LIFE IS BRIEF, WITH GRIEF, IN GRANADA
La vida breve (1905) by Manuel de Falla (1876 - 1946)
This opera is brief (80 minutes). The title means “Brief life”.
The libretto is by Carlos Fernández-Shaw.
The language is Andalusian Spanish.
The story is set in Granada.
The performance we will watch is from Valencia (in an opera house that bears a resemblance to the Sydney counterpart on the Harbour by the Bridge).
The central person is portrayed by Cristina Gallardo-Domâs.
The synopsis provided here is based on the libretto, but we can expect some changes.
The condictor is Lorin Maazel.
Act 1 A house beside a forge in the Albaicín district, which is the Gypsy quarter of Granada
 Salud, a gypsy-girl who loves a man of higher standing in society, is shown at the start of this production, playing earnestly with a chair. What we should see is her grandmother (la abuela, not named) feeding her pet birds in a cage. Anyway, she sings the words as written: This litle bird is going to die, like my little Salud (Salucilla), from love-sickness.
Voices of men working in the smithy speak of labouring and loving.
Hawkers are heard in the street, selling carnations, figs, strawberries, and baskets.
A gaggle of girls giggles by. Grandmother reacts with: Laugh, but some day you will weep.
 Salud is supposed to enter at this point, but in any case she tells her Gran that he is not coming (to keep his 6 pm appointment with her). Grandmother chides her gently: He will come; your young man is kind, handsome, well-mannered, and rich; your eyes set him on fire; but you are always weeping. Salud asks her to go and watch for his arrival.
A haunting monologue ensues: Those who laugh live; those who weep die; the life of the poor is full of suffering. As her mother used to sing, the flower that is born with the dawn dies at the dying of the day; but the flowers are lucky, because they do not know how bad life is. A sad and lonely bird came into my garden to die; her mate had left her for another, and so she died of sorrow; there is no greater consolation than death.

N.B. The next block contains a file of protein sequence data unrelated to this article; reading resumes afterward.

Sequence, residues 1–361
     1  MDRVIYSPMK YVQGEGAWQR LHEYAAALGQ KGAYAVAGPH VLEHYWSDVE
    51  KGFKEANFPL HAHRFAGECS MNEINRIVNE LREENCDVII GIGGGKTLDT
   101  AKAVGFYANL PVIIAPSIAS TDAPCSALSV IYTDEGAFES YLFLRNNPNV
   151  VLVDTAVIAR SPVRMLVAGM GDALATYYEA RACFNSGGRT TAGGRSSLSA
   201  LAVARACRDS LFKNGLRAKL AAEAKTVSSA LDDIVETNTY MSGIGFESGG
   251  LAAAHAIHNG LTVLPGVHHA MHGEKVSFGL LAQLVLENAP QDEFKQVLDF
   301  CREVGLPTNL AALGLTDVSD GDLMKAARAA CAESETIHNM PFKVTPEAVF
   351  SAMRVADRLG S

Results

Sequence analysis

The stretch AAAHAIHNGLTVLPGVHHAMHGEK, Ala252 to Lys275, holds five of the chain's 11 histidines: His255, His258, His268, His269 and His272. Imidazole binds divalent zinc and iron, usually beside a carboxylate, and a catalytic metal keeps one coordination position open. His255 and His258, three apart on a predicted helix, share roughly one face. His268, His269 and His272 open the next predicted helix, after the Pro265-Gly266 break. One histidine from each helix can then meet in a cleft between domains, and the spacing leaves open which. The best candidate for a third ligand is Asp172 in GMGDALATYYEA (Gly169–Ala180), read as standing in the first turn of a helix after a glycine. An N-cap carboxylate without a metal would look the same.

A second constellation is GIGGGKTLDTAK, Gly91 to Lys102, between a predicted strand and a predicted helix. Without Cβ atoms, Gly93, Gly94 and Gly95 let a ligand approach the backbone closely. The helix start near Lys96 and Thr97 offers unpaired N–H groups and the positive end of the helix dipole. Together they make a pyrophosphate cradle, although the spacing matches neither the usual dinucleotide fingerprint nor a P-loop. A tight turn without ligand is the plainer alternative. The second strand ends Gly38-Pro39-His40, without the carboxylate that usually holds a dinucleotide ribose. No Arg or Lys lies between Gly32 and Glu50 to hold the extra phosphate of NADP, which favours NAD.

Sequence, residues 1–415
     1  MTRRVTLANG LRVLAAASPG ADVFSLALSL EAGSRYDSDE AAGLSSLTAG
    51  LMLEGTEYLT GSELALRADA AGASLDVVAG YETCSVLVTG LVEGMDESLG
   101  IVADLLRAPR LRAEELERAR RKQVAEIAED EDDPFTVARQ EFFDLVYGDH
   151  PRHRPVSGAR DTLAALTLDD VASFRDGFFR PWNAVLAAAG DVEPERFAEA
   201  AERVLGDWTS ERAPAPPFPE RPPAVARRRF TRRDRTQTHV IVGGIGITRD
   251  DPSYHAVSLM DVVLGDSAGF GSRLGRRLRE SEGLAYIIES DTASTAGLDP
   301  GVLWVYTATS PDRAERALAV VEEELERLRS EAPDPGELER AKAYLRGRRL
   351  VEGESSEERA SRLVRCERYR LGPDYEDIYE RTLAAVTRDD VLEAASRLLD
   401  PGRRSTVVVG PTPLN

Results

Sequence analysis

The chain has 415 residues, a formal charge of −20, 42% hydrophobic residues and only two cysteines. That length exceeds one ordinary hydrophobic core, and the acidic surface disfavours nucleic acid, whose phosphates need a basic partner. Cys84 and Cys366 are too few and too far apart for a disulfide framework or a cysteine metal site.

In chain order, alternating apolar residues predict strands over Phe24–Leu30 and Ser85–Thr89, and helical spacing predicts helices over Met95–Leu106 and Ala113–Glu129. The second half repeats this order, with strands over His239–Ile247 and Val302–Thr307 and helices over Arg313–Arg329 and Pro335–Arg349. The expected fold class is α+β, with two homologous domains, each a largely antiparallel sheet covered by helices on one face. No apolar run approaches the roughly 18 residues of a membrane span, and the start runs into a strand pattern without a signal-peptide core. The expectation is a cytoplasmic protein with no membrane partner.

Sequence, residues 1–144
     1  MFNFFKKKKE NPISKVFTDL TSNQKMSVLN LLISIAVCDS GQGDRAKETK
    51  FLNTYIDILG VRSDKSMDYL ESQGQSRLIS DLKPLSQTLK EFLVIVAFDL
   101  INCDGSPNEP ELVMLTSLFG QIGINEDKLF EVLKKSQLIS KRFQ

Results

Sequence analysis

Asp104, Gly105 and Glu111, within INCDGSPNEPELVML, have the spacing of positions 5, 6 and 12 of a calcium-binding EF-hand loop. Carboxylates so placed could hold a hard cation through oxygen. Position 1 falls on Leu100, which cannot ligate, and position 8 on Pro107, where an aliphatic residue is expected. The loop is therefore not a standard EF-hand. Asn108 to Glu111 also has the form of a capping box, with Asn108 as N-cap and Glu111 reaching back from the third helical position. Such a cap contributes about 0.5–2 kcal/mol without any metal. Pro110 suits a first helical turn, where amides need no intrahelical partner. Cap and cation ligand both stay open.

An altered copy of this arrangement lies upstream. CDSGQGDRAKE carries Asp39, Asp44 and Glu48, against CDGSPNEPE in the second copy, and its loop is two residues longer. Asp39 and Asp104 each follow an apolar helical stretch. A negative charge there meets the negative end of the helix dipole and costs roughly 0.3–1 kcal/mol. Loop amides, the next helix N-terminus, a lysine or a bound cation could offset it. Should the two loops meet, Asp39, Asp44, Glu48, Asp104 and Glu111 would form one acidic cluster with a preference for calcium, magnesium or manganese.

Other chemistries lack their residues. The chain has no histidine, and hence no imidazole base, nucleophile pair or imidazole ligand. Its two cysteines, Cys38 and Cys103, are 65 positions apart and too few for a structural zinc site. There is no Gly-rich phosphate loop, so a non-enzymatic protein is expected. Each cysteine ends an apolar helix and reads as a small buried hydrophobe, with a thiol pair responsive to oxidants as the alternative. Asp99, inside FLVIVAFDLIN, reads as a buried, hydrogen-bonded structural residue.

From the forge comes this utterance: It is hard being born an anvil instead of a hammer.
 Paco arrives for a blissful tryst; he is on time, so why was she so distressed? She is glad to hold his hands and look deep into his eyes. He would never leave her, would he? Never, he loves only her; he is hers for ever. She can not live without him, for he gives her air to breathe. Grandmother looks on happily. Uncle Salvador (el tio Sarvaor) arrives, intending to kill Paco; he has learned that the deceiver is to marry a woman of his own class on Sunday. His sister restrains him, and they withdraw (maybe). A voice from the forge: It is hard for a woman born poor and unlucky. Salud and Paco declare they will be joined always (siempre juntos).
Tableau 2 (Intermezzo) Sunset
Orchestral interlude, with voices of unseen singers expressing wordless melodies.
Act 2 A house in a wealthier part of Granada; it belongs to Manuel, brother of Carmela, who is Paco’s bride.
 A singer honours Carmela and Paco, and their parents. The guests respond with Olé!
Dance (well-known Spanish dance, played by Fritz Kreisler)
 Salud enters: There he is, laughing, together with that woman, and parted from me for ever; I feel I am dying; what pain, what grief. He must die or kill me; we must both die.
 Her two elder relatives arrive unexpectedly; she seeks understanding and consolation from them
 The marriage ceremony is over; Paco is uneasy,wishing he had trod more carefully with Salud. Manuel congratulates them profusely. Salud and Salvador intervene.
 What are those gypsies doing here? We will dance and sing for the wedding, he tells them; I sing like a nightingale, and the girl sings like a lark. No, she says, I have come to ask this man to slay me. Paco blurts out her name, then realizes he has betrayed himself, but he protests that he does not know her. She claims he deceived her, and his words of love are still echoing in her house. Throw her out, he shouts. She moves toward him, crying I am dying, and she falls dead from grief (in this production there is a dagger and blood). Grandmother steps into the uproar; she calls Paco an infamous traitor, and she and her brother Salvador exclaim: Judas!
But not in the Valencia version: the last word is different. Is it a death word (root mrt)? Did the Jewish conductor object to a word that could be understood as "Jew"? This is shocking speculation on my part, and I would like someone to enlighten me.